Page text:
Sell off any art or use suburban tax dollars to pay off Detroit's creditors and Oakland County will withhold millage monies from the DIA.
The millage that voters in Oakland, Macomb and Wayne approved last year specifies that those suburban tax dollars go to the operation of the museum and not the city of Detroit.
Now that Emergency Manger Kevyn Orr has asked Christie's to step in and evaluate the collection, Oakland County is putting the city and the institution on notice.
"If any money is taken from the funds we've given or any piece of art is sold, bartered or traded it violates the agreement. No funds are to go to the City of Detroit," said Tom Guastello.
Guastello sits on the Oakland County Art Institute Authority. He believes the collection is not vulnerable to a sale to help satisfy the city's creditors, an opinion shared by Attorney General Bill Schuette.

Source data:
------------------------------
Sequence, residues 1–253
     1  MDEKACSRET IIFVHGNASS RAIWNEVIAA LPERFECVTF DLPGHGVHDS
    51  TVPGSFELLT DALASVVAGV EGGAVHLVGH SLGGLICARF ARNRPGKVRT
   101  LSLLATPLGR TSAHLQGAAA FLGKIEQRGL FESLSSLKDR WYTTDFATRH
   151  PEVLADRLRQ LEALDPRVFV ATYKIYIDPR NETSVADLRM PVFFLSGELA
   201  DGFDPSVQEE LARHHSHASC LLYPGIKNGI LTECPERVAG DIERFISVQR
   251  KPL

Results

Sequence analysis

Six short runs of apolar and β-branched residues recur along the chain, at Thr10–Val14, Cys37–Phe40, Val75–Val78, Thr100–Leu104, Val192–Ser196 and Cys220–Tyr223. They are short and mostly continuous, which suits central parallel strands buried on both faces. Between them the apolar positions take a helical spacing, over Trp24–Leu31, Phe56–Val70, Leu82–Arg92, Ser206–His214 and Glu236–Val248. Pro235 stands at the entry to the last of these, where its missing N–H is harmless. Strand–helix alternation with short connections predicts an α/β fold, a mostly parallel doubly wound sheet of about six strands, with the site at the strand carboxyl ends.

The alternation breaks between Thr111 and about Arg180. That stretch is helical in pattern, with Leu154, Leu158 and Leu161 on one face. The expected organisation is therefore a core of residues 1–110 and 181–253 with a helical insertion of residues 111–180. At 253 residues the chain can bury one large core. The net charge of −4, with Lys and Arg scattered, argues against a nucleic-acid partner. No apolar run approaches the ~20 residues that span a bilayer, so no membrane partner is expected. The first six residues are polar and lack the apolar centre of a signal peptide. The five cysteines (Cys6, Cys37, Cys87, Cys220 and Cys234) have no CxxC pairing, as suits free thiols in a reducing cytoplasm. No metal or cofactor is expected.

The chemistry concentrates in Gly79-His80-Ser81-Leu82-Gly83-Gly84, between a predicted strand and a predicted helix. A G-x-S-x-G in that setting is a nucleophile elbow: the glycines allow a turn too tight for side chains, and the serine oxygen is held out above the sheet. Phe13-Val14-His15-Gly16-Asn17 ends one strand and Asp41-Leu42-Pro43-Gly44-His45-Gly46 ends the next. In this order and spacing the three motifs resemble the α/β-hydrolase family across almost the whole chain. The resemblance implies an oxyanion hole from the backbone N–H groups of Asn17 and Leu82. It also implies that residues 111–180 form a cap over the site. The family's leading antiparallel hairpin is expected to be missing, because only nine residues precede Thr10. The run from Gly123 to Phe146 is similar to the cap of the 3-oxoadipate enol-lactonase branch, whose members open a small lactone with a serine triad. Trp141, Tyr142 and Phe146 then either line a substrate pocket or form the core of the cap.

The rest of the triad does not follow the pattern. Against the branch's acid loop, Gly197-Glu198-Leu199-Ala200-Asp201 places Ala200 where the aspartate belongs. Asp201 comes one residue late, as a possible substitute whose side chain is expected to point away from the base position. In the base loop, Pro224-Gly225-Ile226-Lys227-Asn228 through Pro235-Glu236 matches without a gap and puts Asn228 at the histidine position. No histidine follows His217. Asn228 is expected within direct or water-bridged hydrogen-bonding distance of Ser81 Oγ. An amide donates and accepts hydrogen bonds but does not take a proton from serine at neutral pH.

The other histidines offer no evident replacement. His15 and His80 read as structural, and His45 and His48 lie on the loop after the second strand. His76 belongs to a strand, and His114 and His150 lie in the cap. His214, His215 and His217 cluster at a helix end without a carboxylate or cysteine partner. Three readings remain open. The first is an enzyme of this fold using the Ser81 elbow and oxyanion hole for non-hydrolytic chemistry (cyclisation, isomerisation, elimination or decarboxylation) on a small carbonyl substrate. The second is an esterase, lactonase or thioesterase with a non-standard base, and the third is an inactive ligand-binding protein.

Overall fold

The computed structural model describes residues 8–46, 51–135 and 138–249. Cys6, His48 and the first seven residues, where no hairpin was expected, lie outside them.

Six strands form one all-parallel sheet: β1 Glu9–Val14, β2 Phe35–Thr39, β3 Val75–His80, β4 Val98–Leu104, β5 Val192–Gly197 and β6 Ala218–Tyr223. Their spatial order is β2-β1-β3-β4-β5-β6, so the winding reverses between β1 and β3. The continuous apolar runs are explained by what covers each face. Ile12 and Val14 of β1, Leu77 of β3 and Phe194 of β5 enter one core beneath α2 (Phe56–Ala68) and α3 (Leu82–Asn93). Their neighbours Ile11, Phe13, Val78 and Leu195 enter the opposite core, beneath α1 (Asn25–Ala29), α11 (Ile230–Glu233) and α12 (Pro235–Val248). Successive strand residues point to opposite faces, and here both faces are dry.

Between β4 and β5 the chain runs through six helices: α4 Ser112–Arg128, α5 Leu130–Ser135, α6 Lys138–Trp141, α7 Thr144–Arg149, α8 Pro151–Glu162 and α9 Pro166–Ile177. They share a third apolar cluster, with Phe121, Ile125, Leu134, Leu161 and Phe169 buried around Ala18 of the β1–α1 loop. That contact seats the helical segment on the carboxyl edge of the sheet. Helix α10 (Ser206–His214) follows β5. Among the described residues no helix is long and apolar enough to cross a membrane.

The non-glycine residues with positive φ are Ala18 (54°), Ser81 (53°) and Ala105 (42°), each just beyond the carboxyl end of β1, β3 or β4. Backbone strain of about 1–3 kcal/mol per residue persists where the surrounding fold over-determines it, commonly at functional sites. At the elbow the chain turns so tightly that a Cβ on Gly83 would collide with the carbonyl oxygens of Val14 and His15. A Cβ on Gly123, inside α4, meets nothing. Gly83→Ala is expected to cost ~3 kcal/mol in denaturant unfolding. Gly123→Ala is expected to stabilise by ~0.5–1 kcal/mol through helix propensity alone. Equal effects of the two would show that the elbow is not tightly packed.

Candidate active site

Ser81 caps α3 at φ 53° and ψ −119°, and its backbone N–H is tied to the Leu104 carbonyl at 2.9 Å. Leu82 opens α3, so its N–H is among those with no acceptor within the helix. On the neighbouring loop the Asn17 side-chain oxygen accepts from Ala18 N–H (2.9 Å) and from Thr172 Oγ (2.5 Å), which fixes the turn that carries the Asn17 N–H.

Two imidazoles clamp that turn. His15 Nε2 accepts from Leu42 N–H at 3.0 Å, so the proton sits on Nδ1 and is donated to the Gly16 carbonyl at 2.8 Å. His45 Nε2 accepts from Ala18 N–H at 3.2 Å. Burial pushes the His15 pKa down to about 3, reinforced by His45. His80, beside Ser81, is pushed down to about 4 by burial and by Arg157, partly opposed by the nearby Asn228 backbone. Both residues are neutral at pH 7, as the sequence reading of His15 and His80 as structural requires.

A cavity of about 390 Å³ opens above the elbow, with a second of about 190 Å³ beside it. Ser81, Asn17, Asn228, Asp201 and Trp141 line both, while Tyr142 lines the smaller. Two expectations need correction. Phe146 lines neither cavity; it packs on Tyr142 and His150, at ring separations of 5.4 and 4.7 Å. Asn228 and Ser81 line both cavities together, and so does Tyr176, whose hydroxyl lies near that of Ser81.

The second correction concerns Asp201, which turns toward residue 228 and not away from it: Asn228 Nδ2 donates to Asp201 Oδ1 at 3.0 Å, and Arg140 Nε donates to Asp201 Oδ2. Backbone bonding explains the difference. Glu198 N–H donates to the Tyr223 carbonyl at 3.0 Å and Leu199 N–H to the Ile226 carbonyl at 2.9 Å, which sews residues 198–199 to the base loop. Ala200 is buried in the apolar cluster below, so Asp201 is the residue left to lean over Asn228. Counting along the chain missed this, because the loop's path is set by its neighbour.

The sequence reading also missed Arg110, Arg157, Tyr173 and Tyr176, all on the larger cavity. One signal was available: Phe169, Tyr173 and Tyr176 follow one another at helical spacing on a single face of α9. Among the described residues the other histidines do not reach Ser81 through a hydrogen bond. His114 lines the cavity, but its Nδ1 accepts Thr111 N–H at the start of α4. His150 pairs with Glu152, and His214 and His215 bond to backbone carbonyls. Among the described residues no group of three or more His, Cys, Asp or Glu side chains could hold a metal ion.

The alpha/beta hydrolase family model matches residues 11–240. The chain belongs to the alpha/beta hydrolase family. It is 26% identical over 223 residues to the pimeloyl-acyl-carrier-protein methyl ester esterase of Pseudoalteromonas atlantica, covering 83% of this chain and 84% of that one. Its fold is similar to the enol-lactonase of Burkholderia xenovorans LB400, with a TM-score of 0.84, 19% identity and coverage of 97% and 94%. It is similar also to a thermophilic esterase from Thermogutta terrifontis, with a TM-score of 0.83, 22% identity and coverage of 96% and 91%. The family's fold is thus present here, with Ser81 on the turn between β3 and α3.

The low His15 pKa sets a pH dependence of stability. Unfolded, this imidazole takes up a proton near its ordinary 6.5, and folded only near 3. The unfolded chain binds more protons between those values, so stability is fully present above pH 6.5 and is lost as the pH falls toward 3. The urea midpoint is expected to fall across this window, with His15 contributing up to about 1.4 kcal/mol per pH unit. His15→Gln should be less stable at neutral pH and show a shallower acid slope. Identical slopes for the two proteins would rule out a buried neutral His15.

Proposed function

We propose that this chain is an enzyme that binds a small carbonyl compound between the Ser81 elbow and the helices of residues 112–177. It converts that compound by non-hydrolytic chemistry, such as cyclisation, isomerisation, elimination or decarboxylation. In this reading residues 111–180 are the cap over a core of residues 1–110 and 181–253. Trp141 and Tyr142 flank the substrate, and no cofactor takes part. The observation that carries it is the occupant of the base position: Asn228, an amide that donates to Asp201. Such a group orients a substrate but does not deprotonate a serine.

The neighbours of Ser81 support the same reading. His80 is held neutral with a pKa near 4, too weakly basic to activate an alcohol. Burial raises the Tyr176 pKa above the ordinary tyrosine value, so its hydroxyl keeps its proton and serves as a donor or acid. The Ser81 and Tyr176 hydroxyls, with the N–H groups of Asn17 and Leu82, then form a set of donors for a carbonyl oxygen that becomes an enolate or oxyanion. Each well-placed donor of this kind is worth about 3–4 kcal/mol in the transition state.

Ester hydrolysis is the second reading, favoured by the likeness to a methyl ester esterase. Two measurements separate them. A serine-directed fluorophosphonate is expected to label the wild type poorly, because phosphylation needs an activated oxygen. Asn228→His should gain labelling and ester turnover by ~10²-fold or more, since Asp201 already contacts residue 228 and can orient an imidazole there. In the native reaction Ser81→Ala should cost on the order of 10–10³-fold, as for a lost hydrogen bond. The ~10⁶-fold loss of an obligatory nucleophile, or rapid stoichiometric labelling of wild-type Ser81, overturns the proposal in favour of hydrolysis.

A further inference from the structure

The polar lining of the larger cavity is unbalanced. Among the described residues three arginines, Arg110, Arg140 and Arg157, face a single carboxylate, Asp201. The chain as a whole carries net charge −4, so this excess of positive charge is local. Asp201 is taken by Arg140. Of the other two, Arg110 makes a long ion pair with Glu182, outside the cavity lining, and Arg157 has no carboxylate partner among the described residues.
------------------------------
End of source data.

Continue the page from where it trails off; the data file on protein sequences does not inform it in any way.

Still, the museum is considered a Detroit asset and some items could come up for sale, or millage monies diverted.
Privately, DIA Director Graham Beale had been told last week this was coming. Now, Oakland County is putting it on paper.
"Selling off DIA assets is not what voters had in mind when they approved the millage," Guastello said.
What would have prevented the DIA from being considered in the city's valuation of assets is if someone had the foresight to protect the collection by making it an authority unto itself.
Guastello and the rest of the Oakland County Art Authority doesn't want to see the collection cannibalized.
"It's a legacy that needs to be carried on for future generations," he said.